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Pornography has made major psychological impacts on men in the United States of America. Research shows that nearly 9 out 10 college males had viewed porn at some point in the past year. I work with a lot of clients who come in seeking help because of their pornography use.

There are a lot of negative effects that pornography use can have on the individual. Research has shown that excessive pornography consumption has similar effects to substance dependencies to the brain. Pornography does not only have a negative effects on the brain, but pornography use also perpetuates the shame culture with secrecy and silence.

Open Up and Talk

First, it’s important to acknowledge that sex and pornography are seen as taboo by most of society. Secondly, opening up about pornography use is hard and often ends with rejection and judgement when men do open up about it. This secrecy and silence are perpetuated even more within the church and Christian men suffering from pornography use. Research has sown that men who do use pornography are more likely to have lower levels of self-worth, identity development and higher levels of depression.

Men are usually too ashamed to open up about their pornography use, which then further reinforces the idea of secrecy behind it. This secrecy turns into guilt and shame from feeling like they are doing something that is taboo to society and their religious beliefs. Most of my Christian male clients who report pornography use also report immediate feelings of shame and guilt right after they are done watching it. One of the best ways to counteract these feelings is to open up and talk about your struggles. This is where therapy can be extremely helpful because you can open up to someone who will not judge you or look down on you for it.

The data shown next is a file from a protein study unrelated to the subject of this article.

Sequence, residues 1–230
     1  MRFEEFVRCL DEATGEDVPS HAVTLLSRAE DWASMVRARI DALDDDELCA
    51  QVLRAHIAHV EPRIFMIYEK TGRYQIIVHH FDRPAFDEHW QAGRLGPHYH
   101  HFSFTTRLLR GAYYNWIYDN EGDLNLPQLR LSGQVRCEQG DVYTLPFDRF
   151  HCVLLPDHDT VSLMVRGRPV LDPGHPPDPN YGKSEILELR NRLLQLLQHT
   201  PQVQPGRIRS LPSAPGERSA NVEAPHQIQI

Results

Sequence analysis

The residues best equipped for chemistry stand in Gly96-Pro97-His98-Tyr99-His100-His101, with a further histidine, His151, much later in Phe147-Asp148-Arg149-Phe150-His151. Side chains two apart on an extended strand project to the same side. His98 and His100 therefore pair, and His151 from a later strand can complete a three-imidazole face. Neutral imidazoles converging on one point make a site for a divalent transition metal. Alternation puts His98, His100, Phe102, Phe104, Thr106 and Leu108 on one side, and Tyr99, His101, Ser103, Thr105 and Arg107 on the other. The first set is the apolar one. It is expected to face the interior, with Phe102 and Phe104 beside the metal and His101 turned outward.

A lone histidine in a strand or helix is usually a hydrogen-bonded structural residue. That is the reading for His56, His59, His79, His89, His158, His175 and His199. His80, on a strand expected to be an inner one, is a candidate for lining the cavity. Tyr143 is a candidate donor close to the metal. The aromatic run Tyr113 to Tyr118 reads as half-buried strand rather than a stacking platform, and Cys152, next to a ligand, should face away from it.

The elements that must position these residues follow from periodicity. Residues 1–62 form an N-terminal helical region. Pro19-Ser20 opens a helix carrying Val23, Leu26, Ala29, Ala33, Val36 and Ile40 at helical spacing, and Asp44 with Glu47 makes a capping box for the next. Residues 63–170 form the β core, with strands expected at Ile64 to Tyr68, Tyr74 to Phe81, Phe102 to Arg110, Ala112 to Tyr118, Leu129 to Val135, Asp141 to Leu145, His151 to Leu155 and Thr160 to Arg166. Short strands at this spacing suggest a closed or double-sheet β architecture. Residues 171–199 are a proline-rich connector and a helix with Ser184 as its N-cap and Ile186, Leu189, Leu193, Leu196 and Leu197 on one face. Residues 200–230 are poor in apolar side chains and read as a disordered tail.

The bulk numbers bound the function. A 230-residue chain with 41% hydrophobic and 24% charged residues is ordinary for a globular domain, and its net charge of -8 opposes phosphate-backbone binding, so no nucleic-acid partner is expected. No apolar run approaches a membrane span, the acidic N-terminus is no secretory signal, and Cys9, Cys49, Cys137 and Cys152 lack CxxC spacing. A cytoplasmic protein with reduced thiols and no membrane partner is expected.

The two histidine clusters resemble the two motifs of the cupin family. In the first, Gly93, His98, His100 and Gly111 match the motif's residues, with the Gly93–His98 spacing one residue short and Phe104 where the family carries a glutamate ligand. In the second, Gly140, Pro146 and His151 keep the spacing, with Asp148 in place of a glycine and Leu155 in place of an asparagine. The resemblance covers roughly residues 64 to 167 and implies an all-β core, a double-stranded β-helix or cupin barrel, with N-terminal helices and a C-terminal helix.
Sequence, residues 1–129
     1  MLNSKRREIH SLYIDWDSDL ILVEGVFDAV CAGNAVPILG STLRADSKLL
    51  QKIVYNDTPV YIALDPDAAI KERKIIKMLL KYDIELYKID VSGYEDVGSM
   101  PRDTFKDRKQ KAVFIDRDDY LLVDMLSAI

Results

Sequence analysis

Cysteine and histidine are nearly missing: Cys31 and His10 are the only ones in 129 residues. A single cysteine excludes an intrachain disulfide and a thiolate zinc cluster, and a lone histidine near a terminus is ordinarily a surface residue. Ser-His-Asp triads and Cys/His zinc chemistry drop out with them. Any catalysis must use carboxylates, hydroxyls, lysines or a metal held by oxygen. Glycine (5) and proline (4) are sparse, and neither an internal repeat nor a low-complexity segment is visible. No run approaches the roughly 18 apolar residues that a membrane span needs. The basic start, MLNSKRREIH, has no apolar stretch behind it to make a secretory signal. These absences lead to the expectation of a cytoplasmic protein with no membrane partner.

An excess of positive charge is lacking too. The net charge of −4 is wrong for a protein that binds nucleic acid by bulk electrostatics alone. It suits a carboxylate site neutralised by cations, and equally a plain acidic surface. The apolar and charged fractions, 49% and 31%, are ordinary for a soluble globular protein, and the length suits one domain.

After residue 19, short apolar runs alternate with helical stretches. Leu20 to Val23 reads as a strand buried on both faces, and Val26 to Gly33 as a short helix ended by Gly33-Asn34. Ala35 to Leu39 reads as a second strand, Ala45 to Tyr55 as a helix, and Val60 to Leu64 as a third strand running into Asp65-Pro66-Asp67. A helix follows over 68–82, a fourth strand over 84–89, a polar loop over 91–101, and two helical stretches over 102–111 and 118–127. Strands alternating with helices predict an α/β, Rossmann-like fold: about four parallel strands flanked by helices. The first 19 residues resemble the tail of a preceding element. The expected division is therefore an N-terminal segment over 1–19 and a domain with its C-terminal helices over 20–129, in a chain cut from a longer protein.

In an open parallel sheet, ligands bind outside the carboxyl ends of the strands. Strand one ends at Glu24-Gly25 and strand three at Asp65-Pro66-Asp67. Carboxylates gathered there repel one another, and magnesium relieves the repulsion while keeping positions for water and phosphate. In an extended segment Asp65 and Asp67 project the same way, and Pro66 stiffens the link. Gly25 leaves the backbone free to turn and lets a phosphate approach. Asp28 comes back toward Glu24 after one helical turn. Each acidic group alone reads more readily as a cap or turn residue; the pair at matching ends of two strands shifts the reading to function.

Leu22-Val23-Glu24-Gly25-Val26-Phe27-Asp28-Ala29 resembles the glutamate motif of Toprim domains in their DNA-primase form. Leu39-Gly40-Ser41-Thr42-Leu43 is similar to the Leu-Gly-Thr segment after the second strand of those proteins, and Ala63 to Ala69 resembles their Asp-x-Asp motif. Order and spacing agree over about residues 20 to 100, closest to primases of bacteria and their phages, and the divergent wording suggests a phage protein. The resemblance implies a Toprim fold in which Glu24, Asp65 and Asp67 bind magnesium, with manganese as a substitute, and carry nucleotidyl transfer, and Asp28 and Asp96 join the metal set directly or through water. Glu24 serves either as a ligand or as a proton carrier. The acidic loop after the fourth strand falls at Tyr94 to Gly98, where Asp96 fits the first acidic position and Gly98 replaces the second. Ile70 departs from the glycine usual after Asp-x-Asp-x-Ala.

Effects on Relationships

Pornography use can also have a lot of negative effects on romantic relationships. When a partner finds out that the other is engaging in pornography use, there are usually negative feelings associated with it. I have worked with many couples that come in because a partner has been caught watching pornography. There are usually feelings of betrayal, sadness or depression, and anger associated with the partner who finds out the other is engaging with pornography. These feelings are valid and should be discussed with one another in a therapy setting.

Whether you are single or in a relationship, please reach out and talk to someone about your pornography use. I work with a lot of clients who say that it was a really hard first step to just reach out for help. Please know that I am here to help and listen without judgement. Give us a call at Optimum Joy to set up your first appointment!

Written by therapist Clair Miller

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